When Indianapolis Mayor Greg Ballard looks down Market Street toward the Indiana Statehouse, he worries about legislators’ ability to help or hurt the city’s budget.
The House and Senate, at Gov. Mike Pence’s suggestion, have passed differing versions of bills that would reduce a tax on business equipment — a type of property tax that makes up a good chunk of operating revenue for most local governments, including Indianapolis.
Like many mayors, Ballard is worried, he says, because neither plan so far has included a way to replace the lost income for local governments.
“I was for the property tax caps ... but this is a big hit to the city — to the area, and all of our agencies,” he said. “That’s the issue that’s really out there: Everybody says, ‘We don’t want to hurt the cities, we don’t want to hurt the courts, and we don’t want to hurt the schools,’ but nobody’s come up with a replacement yet.”
The House version would give counties the option to eliminate the tax on new equipment or machinery. The Senate version would eliminate the tax for 70 percent of businesses. Neither would phase out the tax entirely, as Pence has requested.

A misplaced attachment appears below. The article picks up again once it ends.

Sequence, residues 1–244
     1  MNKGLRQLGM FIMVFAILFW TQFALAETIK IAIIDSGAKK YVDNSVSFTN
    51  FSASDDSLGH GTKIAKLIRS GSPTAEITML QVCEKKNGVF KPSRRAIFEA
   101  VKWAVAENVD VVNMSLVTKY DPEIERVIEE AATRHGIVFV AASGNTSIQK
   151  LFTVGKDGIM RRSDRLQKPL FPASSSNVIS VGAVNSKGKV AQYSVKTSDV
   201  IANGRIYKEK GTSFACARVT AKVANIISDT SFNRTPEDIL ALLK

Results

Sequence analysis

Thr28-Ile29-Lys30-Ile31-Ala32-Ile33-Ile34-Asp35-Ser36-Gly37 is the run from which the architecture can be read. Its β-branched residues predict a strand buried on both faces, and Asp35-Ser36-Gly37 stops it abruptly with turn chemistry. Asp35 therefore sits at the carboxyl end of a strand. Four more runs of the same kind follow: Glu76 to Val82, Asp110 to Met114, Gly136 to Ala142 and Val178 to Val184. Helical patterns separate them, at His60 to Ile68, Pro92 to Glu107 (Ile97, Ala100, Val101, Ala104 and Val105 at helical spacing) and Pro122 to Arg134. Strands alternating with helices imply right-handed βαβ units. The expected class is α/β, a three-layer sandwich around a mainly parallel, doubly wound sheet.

At the same time, Ballard said during an interview with the Indianapolis Star this week that he’s heartened by the Indy Chamber’s recent push for a “commuter tax.”
Residents of one county who work in another would be charged an additional income tax, beyond the one they currently pay to their home county. Officials estimate 200,000 workers commute into Marion County for work.
That idea isn’t likely to gain traction this year, and Ballard hasn’t yet endorsed it. In the past, legislators have been skeptical.
But as the city and county face recurring troubles in balancing their $1 billion budget, Ballard says a commuter tax is worth a look.
“You can’t be a suburb of nothing, right?” he said, leaning on a saying of former Mayor Bill Hudnut. “Something has to be looked at to keep the whole region going. A lot of people drive to Westfield and Carmel to go to work, too.”